This video from Yale University in the USA says about itself:
Science on Saturday: The Evolution of Birds: Why Birds are Dinosaurs
Science Saturdays is a special lecture series designed for families that brings the excitement of research and the passion of scientists to school-age children and adults. Each event involves a lecture by a Yale professor and engaging science demonstrations run by Yale college students. The lectures are free and open to the public and the topics explored are for kids in 7th grade and above. On October 8, 2005 the presentation was “The Evolution of Birds: Why Birds are Dinosaurs” by Richard Prum, Biologist.
From the Canadian Press:
New species of flightless bird discovered in fossil on Vancouver Island beach
Wednesday, December 16, 2015 01:57 AM EST
VICTORIA — A family out for a stroll on southern Vancouver Island stumbled upon the extraordinary fossilized remains of a 25-million-year-old flightless bird that has created a flap in the world of paleontology.
The fossil was in good enough condition for researchers to identify the animal as a new species of a plotopterid, a long-extinct penguin or cormorant-like bird never before found in Canada.
A collarbone from the bird was found inside a slab of rock on a Sooke, B.C., beach.
It’s only the second set of fossilized bird bones found on southern Vancouver Island since 1895, said bird expert Gary Kaiser of the Royal B.C. Museum.
Fossils of birds are extremely rare because the fragile and hollow bones don’t hold up to crushing weight, acidic soils and elements like other fossils do.
“They get broken up, crushed easily,” Kaiser said in an interview Tuesday. “The bones simply dissolve. They disappear.”
In this case, the sandstone and lack of acid in the water seemed to preserve the fossil, he said.
A father, daughter and son were out for a walk two years ago when they found the bone in a slab of rock that had fallen from the nearby cliffs, he said.
The daughter spotted the fossil. Her brother carried the slab off the beach, before the father brought it to the museum.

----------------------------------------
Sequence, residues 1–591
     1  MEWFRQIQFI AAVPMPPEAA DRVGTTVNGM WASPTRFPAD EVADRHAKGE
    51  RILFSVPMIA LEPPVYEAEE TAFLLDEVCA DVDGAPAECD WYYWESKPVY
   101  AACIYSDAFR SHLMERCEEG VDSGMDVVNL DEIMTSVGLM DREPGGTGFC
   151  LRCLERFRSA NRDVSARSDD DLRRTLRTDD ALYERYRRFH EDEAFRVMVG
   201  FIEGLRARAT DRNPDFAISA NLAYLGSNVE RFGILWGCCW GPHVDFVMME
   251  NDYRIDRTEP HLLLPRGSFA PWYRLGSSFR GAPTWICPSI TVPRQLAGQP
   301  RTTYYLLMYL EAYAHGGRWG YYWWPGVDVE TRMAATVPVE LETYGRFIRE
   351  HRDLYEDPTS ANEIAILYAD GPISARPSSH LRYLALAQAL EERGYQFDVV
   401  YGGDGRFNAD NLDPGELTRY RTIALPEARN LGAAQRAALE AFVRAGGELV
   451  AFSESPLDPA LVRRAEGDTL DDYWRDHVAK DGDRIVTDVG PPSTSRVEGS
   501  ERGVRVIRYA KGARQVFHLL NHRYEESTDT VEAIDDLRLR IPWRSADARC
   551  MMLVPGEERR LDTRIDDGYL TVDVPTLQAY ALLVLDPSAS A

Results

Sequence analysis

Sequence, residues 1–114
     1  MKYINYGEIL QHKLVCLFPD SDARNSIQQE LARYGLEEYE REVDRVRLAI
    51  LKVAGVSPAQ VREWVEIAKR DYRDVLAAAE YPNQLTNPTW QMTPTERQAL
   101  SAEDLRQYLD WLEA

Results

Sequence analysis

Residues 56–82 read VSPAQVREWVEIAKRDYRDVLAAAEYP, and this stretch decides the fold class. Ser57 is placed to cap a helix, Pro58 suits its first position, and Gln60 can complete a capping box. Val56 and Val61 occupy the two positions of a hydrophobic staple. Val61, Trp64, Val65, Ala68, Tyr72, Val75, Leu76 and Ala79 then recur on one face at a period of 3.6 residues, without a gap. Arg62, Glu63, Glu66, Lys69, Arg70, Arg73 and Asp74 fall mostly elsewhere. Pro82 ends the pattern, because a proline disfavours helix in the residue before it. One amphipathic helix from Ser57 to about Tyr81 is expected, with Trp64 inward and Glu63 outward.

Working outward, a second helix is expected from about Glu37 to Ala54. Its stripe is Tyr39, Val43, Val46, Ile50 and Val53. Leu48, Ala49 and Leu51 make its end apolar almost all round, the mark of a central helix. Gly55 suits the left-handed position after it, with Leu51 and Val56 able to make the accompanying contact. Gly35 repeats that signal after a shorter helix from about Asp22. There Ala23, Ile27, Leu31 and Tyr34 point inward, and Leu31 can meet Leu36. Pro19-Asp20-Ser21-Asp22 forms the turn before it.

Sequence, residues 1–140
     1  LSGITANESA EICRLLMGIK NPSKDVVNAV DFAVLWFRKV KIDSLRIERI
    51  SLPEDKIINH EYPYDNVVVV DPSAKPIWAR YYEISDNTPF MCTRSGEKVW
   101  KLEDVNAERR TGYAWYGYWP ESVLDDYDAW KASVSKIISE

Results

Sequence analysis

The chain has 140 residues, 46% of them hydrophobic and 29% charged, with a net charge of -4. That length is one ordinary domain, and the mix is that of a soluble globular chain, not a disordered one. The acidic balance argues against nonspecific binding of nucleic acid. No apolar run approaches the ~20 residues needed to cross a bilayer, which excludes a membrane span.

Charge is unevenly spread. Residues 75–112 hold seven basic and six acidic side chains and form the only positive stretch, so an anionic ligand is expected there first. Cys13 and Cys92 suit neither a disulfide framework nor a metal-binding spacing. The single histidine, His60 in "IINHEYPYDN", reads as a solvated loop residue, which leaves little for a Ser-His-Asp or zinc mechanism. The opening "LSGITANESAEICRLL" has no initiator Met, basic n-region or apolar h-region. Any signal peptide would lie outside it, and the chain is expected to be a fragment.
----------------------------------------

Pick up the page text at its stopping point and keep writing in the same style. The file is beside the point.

Next to a skull, the collarbone is the best bone to find because it sits at the shoulder where the wings function and where the collar blade, arm bone and sternum are attached.
“It is the most informative bone in a bird skeleton. It tells you more than anything else about what the bird does for a living,” Kaiser said.
The long, skinny bone wasn’t anything like he had ever seen before.
“Right away, I knew it was an unusual bone,” he said, noting that’s when he linked it to the plotopterid fossil.
Relatives of the bird have been found in Japan and in Oregon and California, but none has been as small.
“Of those several hundred birds, all but two of them are huge. I mean they’re birds that probably weighed 200 kilograms when they were alive and stood six-foot tall,” Kaiser said.
This animal was about the size of [a] cormorant.
Kaiser and his colleague Junya Wantanabe of Kyoto University named the bird Stemec suntokum because it’s a new species. The name means long-necked waterbird in the language of the T’Sou-Ke First Nation who live in the area.
Kaiser said he believes that if they had the fossil’s brain case the animal would look like a penguin, but an American man who studies plotopterids is convinced they are more like cormorants.
“It’s a bit of a fight, but not unusual in biology because there’s no way of telling,” he added.
The discovery announcing the new species has been published in the online journal Palaeontologia Electronica.
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